Tuesday, January 1, 2013

Coordination Training - Connecting the brain to movement

Coordination is one of the most important qualities to develop in an athlete.  By training the brain to be "turned- on" during training, we are opening pathways that are literally "shut- down".  Connecting the central nervous system to movement is extremely necessary for injury prevention as well as athletic performance.

There are many ways to train for coordination.  Performing choreographed sequences of movements is one way the Burdenko Method addresses coordination training.
 
The human body is wired to move in patterns of 3. Animals can even be seen galloping in a 3-step rhythmical pattern. Sequencing our movements in 3's feels natural and rhythmical. We begin every training session with a "freedom of movement segment". This serves as a warm-up and a movement preparation, which also allows us a chance to challenge our athletes with various creative movement patterns. Traveling with a "3-step approach" forces the athletes to coordinate their steps leading them into a particular movement. We refer to the 3 steps and the movement as the "MOVEMENT SEQUENCE". The 3-step approach also provides a smooth and natural transition to alternate sides on bilateral movement patterns, allowing the sequence to flow with rhythm and look coordinated.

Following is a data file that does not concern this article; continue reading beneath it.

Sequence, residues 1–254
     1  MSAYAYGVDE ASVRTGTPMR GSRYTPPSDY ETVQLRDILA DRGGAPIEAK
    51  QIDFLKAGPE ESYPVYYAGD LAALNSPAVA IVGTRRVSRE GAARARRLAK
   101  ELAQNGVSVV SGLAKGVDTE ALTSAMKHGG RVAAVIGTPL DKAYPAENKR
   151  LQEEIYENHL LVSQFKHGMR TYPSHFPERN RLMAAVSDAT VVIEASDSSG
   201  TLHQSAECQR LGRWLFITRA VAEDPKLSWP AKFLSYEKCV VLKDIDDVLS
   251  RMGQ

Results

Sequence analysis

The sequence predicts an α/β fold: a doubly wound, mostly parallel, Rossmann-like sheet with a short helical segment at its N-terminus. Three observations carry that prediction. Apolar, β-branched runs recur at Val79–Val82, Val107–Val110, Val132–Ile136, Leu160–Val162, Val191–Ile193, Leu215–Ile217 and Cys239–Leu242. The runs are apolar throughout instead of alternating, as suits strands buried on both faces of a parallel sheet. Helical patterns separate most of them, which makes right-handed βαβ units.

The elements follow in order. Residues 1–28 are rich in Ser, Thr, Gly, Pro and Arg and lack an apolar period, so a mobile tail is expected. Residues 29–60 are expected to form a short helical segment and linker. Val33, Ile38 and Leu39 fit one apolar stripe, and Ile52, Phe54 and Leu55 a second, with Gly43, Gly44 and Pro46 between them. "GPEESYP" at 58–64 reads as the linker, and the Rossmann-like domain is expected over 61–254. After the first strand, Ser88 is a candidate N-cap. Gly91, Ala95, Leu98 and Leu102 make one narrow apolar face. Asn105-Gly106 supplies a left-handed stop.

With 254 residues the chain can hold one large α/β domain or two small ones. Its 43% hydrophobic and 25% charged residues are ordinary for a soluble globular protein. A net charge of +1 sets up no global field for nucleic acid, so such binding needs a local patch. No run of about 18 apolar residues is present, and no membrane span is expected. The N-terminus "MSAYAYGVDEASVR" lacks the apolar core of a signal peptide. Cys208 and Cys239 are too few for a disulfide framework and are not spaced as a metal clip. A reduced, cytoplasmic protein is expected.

Watch these videos and notice the 3-step sequence the athletes perform between each movement:


This video illustrates a coordinated 3-step lunge pattern leading into---( 2) 180 degree pivot extensions 
So the MOVEMENT SEQUENCE is -
lunge/lunge/lunge/extend and pivot/extend and pivot/lunge lunge lunge........




This video illustrates a coordinated 3-step jog leading into a --- statue of liberty/ star/ statue of liberty
So the MOVEMENT SEQUENCE is-
1/2/3/jog--statue of liberty/star/ statue of liberty -- 1/2/3/jog..............